Mystic Seaport plans nine-day celebration to mark Morgan's 1941 arrival

Mystic - It was 70 years ago that the future symbol of Mystic Seaport was towed up the Mystic River and took its place along the museum waterfront.

Since that day in November of 1941, the museum estimates more than 20 million people have toured the deck of the Charles W. Morgan, a National Historic Landmark and the country's last surviving wooden whaling ship.

Now the museum and a committee of residents and businesses will throw a nine-day celebration from Oct. 28 to Nov. 5 to mark the ship's arrival. Among the events will be concerts and performances, historical talks, an antique vehicle show and a fireworks display.

"The Charles W. Morgan is not the sole property of Mystic Seaport. She belongs to the American people," said museum president Stephen C. White "We see this community event as a way to celebrate not just the ship, but also the spirit of adventure, exploration, and American enterprise she represents for all of us."

The celebration is scheduled to begin on Oct. 28 with a free fireworks display over the Mystic River sponsored by the Mohegan Sun. The museum grounds will open beginning at 8 p.m.

On Nov. 5 there will be free admission to the museum as the celebration will conclude with a day of Morgan-related activities, demonstrations, and a 1 p.m. ceremony with comments from Connecticut dignitaries and historian Nathaniel Philbrick, the author of "In the Heart of the Sea: The Tragedy of the Whaleship Essex."

That evening at 6:30 in the museum shipyard there will be a live performance of "Prince of Whalers," a dramatic telling of whaling and the Morgan. The performance stars Brian Dennehy, Joe Grifasi, and Linda Hart. Tickets are $125, $250, and $500 and proceeds will go to support the Morgan. For more information or to purchase tickets visit www.mysticseaport.org/princeofwhalers or call (860) 572-5322.

Helping organize a slate of Morgan activities all week in and around downtown Mystic is a committee of local merchants, professionals, and residents called Sail the Morgan 2014, which is trying to raise $1.5 million for the ongoing restoration of the ship and to generate enthusiasm for plans to sail it once the work is done.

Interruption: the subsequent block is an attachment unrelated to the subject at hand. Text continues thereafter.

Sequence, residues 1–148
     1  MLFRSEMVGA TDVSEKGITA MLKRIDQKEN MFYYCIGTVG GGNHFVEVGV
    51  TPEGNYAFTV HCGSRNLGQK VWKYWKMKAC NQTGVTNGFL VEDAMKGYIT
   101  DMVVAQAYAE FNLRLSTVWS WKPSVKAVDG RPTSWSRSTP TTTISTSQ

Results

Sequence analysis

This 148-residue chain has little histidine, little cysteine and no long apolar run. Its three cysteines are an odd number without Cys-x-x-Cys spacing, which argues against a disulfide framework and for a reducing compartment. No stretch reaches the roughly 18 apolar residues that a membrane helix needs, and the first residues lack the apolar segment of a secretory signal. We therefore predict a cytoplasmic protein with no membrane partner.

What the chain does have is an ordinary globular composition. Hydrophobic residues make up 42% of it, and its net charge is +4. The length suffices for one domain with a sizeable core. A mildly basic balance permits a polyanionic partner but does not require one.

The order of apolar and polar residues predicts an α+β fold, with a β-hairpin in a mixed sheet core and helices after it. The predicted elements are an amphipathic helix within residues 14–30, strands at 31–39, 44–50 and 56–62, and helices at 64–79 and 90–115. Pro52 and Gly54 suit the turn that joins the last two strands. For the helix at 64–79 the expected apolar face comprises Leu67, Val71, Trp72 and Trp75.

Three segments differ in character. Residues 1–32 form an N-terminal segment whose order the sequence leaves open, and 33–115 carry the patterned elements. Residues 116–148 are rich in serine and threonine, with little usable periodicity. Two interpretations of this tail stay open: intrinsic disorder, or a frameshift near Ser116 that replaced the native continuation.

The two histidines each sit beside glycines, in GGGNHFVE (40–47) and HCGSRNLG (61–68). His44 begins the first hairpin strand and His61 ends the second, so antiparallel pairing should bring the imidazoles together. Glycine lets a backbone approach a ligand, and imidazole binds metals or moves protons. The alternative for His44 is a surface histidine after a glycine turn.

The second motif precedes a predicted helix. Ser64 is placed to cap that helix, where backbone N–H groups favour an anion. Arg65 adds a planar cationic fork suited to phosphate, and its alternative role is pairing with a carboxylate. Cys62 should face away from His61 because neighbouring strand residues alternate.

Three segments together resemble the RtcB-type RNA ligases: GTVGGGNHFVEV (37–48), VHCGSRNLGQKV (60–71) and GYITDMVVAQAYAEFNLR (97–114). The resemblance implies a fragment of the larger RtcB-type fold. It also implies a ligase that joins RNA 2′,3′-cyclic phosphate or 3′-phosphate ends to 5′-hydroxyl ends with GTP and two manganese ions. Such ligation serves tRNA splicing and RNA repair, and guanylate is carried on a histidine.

Some of the activities include Mystic Restaurant Week, a series of concerts in Mystic River Park, strolling musicians, a display of pre-1941 vehicles on Cottrell Street and lantern lighting along the river on Oct. 29. A talk by local historian Bill Peterson on the history of Mystic and the Morgan will be held Nov. 2 at the Mystic Arts Center at a time to be announced.

"Celebrating the 70th anniversary of the Morgan's arrival presents us with an extraordinary opportunity to bring the community together in shared activities. Fireworks at Mystic Seaport, lantern lighting on the river, music in the park, the restaurants and stores participating in special promotions," said committee co-chairwoman Melinda Carlisle.

More information on the week's schedule of events can be found at www.sailthemorgan.org and on Facebook (www.facebook.com/pages/Sail-the-Morgan/242371745814102) beginning Oct. 11.

j.wojtas@theday.com

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